This week’s groove comes courtesy of the great British bassist John Paul Jones, whose part on Led Zeppelin’s ‘Ramble On’ provides a masterclass in writing a part that manages to…
This week’s groove comes courtesy of the great British bassist John Paul Jones, whose part on Led Zeppelin’s ‘Ramble On’ provides a masterclass in writing a part that manages to be melodic without diverting attention away from the rest of the band:
View this post on Instagram
Groove Of The Week #15: Led Zeppelin – 'Ramble On' #bass #baixo #bajo #basse #bassist #bassporn #bassplayer #baixonatural #basstheworld #rwbcover #bassgram #bassguitar #instabass #instagroove #bassgrooveoftheweek #allaboutthatbass #notreble #15secondgroove #15secondcover #pbass #4string #4strings #fender #flatwounds #aguilar #johnpauljones #instagood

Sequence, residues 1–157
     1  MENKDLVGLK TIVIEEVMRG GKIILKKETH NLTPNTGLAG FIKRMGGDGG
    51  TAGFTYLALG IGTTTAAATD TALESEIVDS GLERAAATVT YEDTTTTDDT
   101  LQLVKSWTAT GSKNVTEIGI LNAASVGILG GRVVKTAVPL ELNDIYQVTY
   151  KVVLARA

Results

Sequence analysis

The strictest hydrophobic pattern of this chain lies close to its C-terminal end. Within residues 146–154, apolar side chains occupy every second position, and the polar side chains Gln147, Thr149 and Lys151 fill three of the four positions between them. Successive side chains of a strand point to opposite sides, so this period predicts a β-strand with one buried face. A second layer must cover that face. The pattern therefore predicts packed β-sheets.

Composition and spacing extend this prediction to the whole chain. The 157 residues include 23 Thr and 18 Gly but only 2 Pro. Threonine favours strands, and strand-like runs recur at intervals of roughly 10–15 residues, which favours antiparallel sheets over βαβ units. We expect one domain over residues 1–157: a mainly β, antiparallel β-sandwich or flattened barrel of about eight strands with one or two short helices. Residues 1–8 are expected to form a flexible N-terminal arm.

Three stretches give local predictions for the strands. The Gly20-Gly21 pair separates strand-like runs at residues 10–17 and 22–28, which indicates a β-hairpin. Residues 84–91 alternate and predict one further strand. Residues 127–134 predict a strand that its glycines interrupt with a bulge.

JPJ’s high register line sits firmly in the key of E major, using slides and ghost notes to embellish his part. He varies the part slightly on each repetition, but the basic groove is shown here:
You can check out the original isolated bass part of ‘Ramble On’ below – hearing JPJ’s playing in isolation really demonstrates the huge influence of Motown and Stax recordings:
His tone is very Jamerson-esque, and the verse groove to ‘Ramble On’ reminds me of pioneering soul bassist Donald ‘Duck’ Dunn’s part on Eddie Floyd’s ‘Knock On Wood’, which was recorded 3 years before ‘Ramble On’:
Wherever JPJ got the inspiration, his bass work on ‘Ramble On’ (and many other Led Zep songs) gives us a wealth of material for study when it comes to supportive yet melodic bass playing.